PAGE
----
|Sherlock is everywhere - this is a pub in Switzerland|
This is the Golden Age of Sherlockian pastiche. Thanks to the heroic legal efforts of Leslie Klinger to free Sherlock, it has been definitively established that the character of Sherlock Holmes is not protected by U.S. copyright laws.
Anyone can write fiction about Sherlock Holmes, and sometimes it seems like everyone has.
I’ve been guilty of writing pastiches, and I’ve even written an essay about how to do it. (See “The Peculiar Persecution of JohnVincent Harden,” which includes the essay.) Recently, however, I received a new insight from an old book review.
Philip A. Shreffler, then editor of The Baker Street Journal, reviewed L.B. Greenwood’s Sherlock Holmes and the Thistle of Scotland in the March 1990 issue of the BSJ. In the course of that review he made the following astute observation:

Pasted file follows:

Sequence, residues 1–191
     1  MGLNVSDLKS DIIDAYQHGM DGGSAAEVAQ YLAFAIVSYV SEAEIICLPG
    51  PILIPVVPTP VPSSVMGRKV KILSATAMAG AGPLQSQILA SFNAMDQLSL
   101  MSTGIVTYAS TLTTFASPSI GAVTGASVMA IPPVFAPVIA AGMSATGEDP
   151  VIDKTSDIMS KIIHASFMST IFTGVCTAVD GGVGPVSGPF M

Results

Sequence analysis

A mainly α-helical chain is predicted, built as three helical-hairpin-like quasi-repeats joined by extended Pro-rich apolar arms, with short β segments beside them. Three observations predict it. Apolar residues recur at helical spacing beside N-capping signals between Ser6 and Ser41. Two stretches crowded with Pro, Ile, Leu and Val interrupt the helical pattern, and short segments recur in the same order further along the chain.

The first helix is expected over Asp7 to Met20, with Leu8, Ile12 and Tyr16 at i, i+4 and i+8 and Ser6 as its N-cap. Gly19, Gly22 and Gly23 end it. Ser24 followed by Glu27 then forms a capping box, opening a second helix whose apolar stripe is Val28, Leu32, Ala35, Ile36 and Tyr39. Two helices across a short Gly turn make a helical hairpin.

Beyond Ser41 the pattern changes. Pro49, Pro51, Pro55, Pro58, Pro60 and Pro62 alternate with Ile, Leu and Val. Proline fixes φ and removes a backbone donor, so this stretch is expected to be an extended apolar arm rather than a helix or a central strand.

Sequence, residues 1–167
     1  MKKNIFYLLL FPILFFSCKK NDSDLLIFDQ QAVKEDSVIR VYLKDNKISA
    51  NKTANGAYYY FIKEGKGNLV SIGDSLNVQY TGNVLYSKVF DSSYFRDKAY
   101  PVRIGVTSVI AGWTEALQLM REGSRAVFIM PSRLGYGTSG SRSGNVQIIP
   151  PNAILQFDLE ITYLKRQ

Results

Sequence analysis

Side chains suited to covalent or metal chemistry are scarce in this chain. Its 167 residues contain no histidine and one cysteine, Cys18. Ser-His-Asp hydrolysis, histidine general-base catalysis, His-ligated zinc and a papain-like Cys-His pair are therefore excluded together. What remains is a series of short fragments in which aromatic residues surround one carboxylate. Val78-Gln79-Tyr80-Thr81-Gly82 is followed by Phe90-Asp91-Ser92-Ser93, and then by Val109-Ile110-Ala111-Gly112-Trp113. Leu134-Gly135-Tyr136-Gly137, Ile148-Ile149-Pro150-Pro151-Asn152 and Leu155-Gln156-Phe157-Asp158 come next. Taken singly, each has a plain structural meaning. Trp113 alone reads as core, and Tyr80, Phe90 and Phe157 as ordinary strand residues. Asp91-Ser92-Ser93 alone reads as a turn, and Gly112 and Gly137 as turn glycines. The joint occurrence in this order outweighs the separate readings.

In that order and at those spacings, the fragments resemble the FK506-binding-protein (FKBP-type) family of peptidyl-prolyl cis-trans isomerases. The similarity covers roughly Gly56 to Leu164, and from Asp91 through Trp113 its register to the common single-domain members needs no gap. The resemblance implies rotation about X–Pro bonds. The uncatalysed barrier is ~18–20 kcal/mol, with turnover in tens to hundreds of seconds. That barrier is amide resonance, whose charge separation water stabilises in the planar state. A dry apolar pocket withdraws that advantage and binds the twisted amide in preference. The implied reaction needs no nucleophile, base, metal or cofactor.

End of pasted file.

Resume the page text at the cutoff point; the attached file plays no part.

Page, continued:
There are at least three criteria that must be satisfied in order for a work that presumes to imitate the Holmes stories to succeed: Its plot must be structured similarly to the originals; Holmes and Watson must be characterized as they are in the Canon; and the syntax and diction employed must match Arthur Conan Doyle’s.
That seems simple enough, but a fair number of pastiches fail at all three – and for mostly good reasons.
Take plot structure. A novel-length pastiche that followed the structure of the original would have to be fairly short (from the 43,372 words of The Sign of Four to the 59,452 of The Hound of the Baskervilles), with Holmes missing for half the book.
Syntax and diction? I don’t think any writer can ever completely master the voice of another.
Where I have less patience is with the Shreffler’s second point – remaining true to the characters of Holmes and Watson. Please, pasticheurs, if you must “demythologize” our heroes to fit your own vision, at least give them their own names and don’t pretend that they are our old friends.